During his two terms as Maryland’s 57th governor, from 1979 to 1987, Harry Hughes enhanced civility, integrity and prudence in state government leadership. Elevating Maryland’s political culture and public discourse at a difficult period in our state’s history, Governor Hughes reinforced the value and credibility of public service.
He was a much-understated politician and became successful, in part, because he frequently didn’t act like one. He had an ability to bring together in a civil atmosphere opposing parties on difficult issues acting as a calming voice of moderation in sometimes trouble waters.
Always measured in his discussions with others, Governor Hughes, a Democrat, was sometimes self-effacing about his own political assets. Early in his September 1978 campaign, he couldn’t understand why I, as his campaign manager, was so interested in locating early photographs of him in his World War II Naval Air Corps uniform, playing the trumpet at the University of Maryland or in his baseball uniform after signing with the Eastern Shore farm team of the New York Yankees. The fact that he had the “central casting” looks of a presidential candidate didn’t hurt either.
One of his first campaign events, a full year before the 1978 primary, was going to the Carroll County Fair. No sooner were we there than Harry sequestered himself in the back of the Democratic Central Committee tent where he talked for over an hour with two elderly ladies while his most flamboyant opponent was in the middle of the fairway at the height of the crowd surrounded by enthusiastic campaign workers with bull horns, literature, buttons and balloons and posing for photographs. We had a long way to go!
For more punishment he went back a month later as a guest of the Carroll County Republican Club with its rural constituency. Largely a senior group, he agreed to defend the controversial Baltimore subway system proposal. Polite, but hostile, fire opened up from all sides of the room. Harry listened, kept his poker-face eye contact, heard out everyone. Then, he quietly and methodically addressed each objection without giving offense, but keeping his remarks rational and impartial. It may not have won everyone over, but they all respected his position and many said so to him after the “interrogation.”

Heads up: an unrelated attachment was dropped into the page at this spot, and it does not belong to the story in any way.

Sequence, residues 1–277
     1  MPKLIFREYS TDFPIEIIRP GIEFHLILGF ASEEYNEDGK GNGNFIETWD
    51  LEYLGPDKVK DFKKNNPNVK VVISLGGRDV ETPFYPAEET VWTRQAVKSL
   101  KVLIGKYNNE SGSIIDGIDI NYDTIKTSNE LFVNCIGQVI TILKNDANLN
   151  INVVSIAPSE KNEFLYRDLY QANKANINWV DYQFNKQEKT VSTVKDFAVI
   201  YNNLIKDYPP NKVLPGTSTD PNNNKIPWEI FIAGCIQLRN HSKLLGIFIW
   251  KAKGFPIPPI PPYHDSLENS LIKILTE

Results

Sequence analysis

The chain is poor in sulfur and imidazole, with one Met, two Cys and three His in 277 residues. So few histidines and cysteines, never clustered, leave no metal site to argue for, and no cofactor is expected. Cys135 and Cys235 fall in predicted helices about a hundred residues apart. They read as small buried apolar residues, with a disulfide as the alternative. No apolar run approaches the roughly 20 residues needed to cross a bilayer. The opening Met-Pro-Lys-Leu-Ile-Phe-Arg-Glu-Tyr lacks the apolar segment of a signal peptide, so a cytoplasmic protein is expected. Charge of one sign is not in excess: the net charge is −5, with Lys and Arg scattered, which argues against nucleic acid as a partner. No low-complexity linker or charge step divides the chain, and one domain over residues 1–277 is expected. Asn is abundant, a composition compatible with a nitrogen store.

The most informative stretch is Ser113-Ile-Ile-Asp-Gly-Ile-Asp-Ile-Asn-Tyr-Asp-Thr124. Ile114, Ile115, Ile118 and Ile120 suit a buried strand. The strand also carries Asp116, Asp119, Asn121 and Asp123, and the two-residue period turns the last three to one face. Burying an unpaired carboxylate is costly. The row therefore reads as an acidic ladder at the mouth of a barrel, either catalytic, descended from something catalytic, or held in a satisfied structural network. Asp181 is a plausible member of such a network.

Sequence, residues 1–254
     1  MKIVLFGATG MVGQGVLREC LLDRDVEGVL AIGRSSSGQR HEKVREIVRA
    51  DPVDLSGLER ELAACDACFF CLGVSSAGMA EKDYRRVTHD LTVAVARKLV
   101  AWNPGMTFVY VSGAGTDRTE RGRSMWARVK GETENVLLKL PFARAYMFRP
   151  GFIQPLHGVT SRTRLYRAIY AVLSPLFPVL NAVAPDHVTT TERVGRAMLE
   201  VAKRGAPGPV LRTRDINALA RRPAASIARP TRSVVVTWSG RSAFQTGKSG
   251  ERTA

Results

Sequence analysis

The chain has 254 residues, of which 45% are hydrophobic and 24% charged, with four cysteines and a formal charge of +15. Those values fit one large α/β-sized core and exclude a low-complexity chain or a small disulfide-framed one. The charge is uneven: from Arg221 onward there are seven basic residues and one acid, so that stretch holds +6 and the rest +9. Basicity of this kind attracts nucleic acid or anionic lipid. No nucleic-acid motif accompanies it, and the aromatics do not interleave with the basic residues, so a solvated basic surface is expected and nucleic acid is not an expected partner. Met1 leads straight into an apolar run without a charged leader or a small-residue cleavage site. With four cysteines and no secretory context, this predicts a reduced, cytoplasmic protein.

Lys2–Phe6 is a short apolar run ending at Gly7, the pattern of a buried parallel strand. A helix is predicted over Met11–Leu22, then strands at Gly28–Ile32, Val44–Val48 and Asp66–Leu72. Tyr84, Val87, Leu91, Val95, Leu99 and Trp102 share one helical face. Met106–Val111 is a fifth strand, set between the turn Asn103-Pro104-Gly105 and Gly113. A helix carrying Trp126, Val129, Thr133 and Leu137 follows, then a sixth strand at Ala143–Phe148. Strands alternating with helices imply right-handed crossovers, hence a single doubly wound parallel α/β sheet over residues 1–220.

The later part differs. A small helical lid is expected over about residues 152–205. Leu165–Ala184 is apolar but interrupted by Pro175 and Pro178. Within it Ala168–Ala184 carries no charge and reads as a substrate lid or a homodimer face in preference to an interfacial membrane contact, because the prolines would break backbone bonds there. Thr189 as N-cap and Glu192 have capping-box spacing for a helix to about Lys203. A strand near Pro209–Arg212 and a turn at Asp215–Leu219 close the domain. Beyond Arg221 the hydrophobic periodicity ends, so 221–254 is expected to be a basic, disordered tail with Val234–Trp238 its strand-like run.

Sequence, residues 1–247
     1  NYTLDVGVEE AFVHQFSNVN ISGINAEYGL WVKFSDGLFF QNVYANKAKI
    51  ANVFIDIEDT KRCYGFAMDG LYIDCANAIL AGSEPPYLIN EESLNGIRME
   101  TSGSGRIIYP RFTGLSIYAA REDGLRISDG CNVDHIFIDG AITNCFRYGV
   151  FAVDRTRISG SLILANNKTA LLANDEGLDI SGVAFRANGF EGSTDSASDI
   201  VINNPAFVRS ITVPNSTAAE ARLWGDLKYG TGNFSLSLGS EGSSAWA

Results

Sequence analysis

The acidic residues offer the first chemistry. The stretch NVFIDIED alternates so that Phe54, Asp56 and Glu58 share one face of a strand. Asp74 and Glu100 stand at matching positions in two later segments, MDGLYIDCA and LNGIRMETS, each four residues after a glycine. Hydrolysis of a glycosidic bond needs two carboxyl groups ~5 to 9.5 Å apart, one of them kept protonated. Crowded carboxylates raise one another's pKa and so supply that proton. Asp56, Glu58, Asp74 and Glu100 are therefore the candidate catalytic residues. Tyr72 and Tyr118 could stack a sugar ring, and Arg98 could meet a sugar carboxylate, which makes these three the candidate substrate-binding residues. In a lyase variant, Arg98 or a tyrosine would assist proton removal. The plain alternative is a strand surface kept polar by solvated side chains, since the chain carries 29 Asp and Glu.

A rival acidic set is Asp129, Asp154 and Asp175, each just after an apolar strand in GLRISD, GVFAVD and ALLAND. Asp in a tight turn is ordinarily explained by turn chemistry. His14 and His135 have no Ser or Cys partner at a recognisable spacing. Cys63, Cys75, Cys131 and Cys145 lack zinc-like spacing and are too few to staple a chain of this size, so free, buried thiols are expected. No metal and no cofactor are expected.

Governor Hughes was perhaps a more brilliant listener than public speaker, recognizing that more is to be learned by hearing the perspectives of others. He had a genuine confidence in ordinary citizens to participate productively in the government process and was never one to interrupt regardless of the sentiments expressed. His view of major decisions was circumspect, a strategy of assessing long-term consequences rather than short-term political benefits.
His public and private composure was always dignified; he was not one to squabble in political babble as he felt that issues could be resolved when openly discussed in an atmosphere of logic, facts and honesty. His words were of value. Being dispassionate when strategizing public policy, he may have been seen by some as hesitant, but his energy and focus were on the goal at hand and not compulsively reacting to emotions or political pressure.
Governor Hughes never lost his temper or more than mildly elevated his voice even under the most stressed moments. Certainly not to curse. He mentioned his mother’s observation that unsavory language was a reflection of an inadequate vocabulary.
By doing his budget and policy homework as a delegate, senator and secretary of transportation, he led from knowledge and experience. By being intimately familiar with the state fiscal process, he occasionally, but politely, corrected top level bureaucrats. Legislation he sponsored and supported was meaningful and served as broad a spectrum of our citizenry as possible.
What did disappoint him was the impulse of some to take advantage of and profit unfairly, as with those involved in the saving and loan scandals that occupied his last tumultuous year in office. Perhaps his confidence was in some instances misplaced, but he worked tirelessly, hands-on, 18 hours a day for months to solve the crisis.
Governor Hughes had simple needs and did not relish or flaunt the perks of the governor’s office. In the late afternoon of his swearing in, a huge, new shiny black limo, loaded with all the communications and security gear possible, appeared at the back door of the State House. It had been the custom of a local car dealership to supply such a vehicle to each new governor. As curious as anyone, he went down to look at it, and after he took a short ride around State Circle looking uncomfortable the entire time, the car soon found itself back at the dealership.
Governor Hughes was not a complicated man but simply a brilliant gentleman with an unassuming intellect and high standards of integrity. He reflected a civility and gentility that is largely missing today but would be welcomed back by the body politic.
Joseph M. Coale (firstname.lastname@example.org) served as campaign manager for Harry Hughes in 1978 and 1982. While on the governor’s staff he was liaison with the Department of Economic and Community Development.